played the Cubs to a standstill in Philadelphia. Then they went to Chicago
ami the Cubs managed to pull a ten-
inning game out of the fire by one run.
The  Phillies  took   the   next,   and   tho
R**, Wrak, Weary, Wsttiy ~r*e\
Relieved By Murine tare Kenedy. Try
Murine For Tour Bye Troubles. Tee
will Uke Murine ft Bootbee. Mc Al
Tour DniKlita. Write Por Kye Berts
Free.   Murine Bye Remedy Co.. Tormle
The Poor Man's Friend.—Put up is
small bottles thut nro easily portable
and sold for a very small sum,"' Dr.
Thomas' Eclectric Oil possesses more
power in concentrated form than one
hundred times thc quantity of many
unguents. Its cheapness aud tho varied uses to which it can bo put make it
tho poor man's friend. No dealerV
stock is complete without it.
scries was ended with two games to
play if there had been any jockeying
ami frame-up to get the high dollar.
The scries was ou the square, and the
better team  won.
Of course, I 'm one of tho chaps who
don't believe that baseball can be
framed to nny extent. It would be
possible for a player to drop a game
if everything favored him, but there
nre so many complications in baseball
—situations that arise in the winking
of nn eye—that no living, livo man can
tell iu rfdvance what chance ho iB going to get to throw a game, and when
the chance does come—if it does—he
must be a quick and almighty clever
rascal who is ready to tako it. As for
getting enough players to stand in on
a deal to make it. go through, that is
nhsurd in the face of the discipline
and rules that they have in really organised baseball—not tbo kind wo had
in onr Western Canadian League last
year. Tbo man wbo would attempt
such a thing iu thc big leagues would
bo crazy; thc man who could carry it
through is not in the world.
EVERY girl or woman who takes a
pride in her complexion must be
particularly careful as to the soap
she uses. A bad soap will corrode the
skin much iu thc same way as an acid
will corrode metal.
The face itself quickly gives warning
when a different brand of soap should
be tried. Raised patches of red color
form on tho face, especially below the
eyes und on tho checkbonos. Or red
patches can bc seen below tbo skin, the
surface not being raised. Sometimes
this appearance of pimples is an indication of the use of inferior Boap, but
not always, for tbey may signify that
the blood is out of order.
Another sign of bud soap is when
the skin feels rough, or looks more or
less muddy and mottled.
Hod patches usually prove that the
soup contains a lot of free alkali. Such
a soap is not tilted for the human skin,
as the alkali nets as un irritant, and
its caustic property destroys tue skin.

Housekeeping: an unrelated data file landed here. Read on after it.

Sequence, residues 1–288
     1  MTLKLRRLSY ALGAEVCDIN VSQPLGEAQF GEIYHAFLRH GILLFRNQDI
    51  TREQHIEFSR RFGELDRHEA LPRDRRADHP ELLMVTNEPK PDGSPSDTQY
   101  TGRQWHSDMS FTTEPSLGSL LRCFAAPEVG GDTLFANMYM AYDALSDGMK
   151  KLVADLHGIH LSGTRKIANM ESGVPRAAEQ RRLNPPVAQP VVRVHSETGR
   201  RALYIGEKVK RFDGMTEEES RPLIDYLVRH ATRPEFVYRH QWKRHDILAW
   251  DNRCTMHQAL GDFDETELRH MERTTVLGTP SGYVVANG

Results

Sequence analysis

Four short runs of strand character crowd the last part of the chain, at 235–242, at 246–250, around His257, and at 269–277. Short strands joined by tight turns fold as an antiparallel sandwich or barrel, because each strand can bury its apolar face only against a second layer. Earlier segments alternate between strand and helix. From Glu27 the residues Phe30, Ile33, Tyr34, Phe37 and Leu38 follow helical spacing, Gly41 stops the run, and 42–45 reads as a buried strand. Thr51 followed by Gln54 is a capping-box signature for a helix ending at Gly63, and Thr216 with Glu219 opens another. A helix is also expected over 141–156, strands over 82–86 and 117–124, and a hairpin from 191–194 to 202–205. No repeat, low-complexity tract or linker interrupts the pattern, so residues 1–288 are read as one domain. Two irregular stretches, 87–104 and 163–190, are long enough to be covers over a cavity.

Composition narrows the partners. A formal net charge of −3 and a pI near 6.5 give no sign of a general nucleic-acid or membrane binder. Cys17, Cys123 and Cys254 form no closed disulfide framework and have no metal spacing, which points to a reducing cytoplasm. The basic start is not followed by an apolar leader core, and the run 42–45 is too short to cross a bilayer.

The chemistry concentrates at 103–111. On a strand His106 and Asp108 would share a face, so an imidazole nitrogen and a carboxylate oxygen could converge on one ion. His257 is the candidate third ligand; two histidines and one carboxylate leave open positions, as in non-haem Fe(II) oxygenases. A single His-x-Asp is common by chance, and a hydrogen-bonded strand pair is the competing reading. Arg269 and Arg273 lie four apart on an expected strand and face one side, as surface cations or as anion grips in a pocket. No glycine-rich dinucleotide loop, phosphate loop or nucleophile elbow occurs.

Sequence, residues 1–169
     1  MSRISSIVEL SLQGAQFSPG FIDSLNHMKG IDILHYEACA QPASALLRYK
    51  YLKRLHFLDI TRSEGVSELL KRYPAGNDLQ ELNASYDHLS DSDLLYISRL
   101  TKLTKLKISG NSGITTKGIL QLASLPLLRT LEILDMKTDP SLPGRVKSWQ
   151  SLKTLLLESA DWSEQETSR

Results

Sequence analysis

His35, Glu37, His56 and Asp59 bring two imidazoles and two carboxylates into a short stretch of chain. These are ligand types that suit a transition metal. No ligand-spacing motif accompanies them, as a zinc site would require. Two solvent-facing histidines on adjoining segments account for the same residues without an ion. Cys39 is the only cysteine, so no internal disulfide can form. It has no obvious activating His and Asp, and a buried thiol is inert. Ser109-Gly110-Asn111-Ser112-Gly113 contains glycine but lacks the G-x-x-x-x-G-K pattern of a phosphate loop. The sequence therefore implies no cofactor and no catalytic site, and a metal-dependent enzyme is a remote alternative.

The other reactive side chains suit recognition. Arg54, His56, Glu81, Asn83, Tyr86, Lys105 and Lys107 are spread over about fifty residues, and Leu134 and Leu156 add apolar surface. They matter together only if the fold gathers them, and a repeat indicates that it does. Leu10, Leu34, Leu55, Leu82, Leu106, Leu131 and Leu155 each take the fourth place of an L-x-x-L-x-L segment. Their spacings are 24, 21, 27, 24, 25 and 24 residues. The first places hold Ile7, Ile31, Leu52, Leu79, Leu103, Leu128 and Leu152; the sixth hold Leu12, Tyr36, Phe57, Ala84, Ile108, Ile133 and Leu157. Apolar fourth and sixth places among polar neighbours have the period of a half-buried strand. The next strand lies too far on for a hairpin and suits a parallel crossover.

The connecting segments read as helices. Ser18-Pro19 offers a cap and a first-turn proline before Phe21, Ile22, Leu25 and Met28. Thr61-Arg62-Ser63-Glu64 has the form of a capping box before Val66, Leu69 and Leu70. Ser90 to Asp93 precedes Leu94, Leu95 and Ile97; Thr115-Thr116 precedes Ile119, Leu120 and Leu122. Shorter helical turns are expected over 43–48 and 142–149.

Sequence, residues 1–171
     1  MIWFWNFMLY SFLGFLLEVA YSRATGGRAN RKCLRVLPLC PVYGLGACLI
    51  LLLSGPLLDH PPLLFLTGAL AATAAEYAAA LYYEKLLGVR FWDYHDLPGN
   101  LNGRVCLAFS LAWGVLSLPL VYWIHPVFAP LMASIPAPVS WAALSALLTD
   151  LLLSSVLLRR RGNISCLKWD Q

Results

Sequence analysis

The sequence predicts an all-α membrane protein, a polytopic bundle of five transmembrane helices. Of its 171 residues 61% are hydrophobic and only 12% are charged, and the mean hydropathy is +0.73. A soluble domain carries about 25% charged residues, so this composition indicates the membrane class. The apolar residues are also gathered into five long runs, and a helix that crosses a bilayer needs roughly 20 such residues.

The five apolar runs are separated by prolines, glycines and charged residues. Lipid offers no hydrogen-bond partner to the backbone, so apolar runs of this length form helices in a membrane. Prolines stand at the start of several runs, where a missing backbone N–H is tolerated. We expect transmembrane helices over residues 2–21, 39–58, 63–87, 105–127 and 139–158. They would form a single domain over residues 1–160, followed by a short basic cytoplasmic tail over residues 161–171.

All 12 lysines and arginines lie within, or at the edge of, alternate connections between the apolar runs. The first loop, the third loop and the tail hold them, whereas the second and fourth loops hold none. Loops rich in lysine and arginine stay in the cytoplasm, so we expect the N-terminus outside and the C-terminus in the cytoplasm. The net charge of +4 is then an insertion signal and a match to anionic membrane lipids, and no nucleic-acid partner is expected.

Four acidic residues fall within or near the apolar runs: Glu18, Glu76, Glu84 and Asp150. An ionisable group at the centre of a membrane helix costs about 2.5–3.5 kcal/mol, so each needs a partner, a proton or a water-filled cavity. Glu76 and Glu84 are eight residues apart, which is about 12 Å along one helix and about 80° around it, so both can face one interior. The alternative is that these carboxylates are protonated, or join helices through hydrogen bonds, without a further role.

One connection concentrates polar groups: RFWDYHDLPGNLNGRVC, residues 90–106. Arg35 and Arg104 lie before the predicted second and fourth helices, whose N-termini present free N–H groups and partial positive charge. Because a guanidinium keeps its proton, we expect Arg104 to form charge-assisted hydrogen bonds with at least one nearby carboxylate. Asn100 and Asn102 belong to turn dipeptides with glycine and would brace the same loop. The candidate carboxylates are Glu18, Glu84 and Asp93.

If, through using bad soup, the complexion has been ruined, it can be
brought fo a healthy condition ugniu by
rubbing the face over at night with
sweet almond oil, uud washing in the
morning with hot water, but without
soap,'though a little gelatin cuu be dissolved in the water with advantage.
A number of Chinese girls, specially
trained in San Francisco, have begun
work in Pckin as central operators in
the telephone system recently opened
up. Subscribers, when ringing up, ad-
tress them ns "Lilv of the Air" and
'Butterfly that talks."
A company organised in tbe Unitod
States is constructing a large plant at
Preston, on Xipo Bay, to make a practical test of a patented process for expressing the juice nnd conserving the
fibre uud pulp for paper. The fibre is
separated from the pulp by machinery,
aud then by evaporation tbo water is
eliminated, leaving the dry fibre and
pulp containing the solids and sucrose,
from which sugar is made, The fibre
and pulp are then baled separately for
For Rifles, Revolvers and Pistols
Winchester cartridges in all
calibers from .aa to .50, shoot
where you aim when the trigger
is pulled. They are always
accurate, reliable and uniform.
Shoot them and You'll Shoot WelL
Always Buy Winchester Make.
the red W ■"*•»
Sackett Plaster Board
The Empire Brands of Wall Plaster
The Manitoba Gypsum Co., Limited
Given Away at the MAGNET
You are. entitled to one ONE TICKET witb
every 50c purchase. Drawing takes place on
Capital $5,000,000
Reserve 85,700,000
Drafts Issued in any currency, payable all over the world
highest current rates allowed on deposits of $1 and upwards
CUMBERLAND, B.C., Branch-   —   —     OPEN DAILY
Visiting curds  tit  the Islander
Job work t You can net what you
1'want when you want it at The Islanhkk
;> ui.,- iio.
Do your own ihcppihg. See MiKin
null for Choice Fruits, Confectionery
oul lire Cruam. j-'f>
Services iii the Hoinan Catholic Church
Mill be held every other Sunday in Cumberland.    Rev. H. Martens, pastor.
Wanted, son ■ one to take und raise
,s their own, u boy or girl 8 years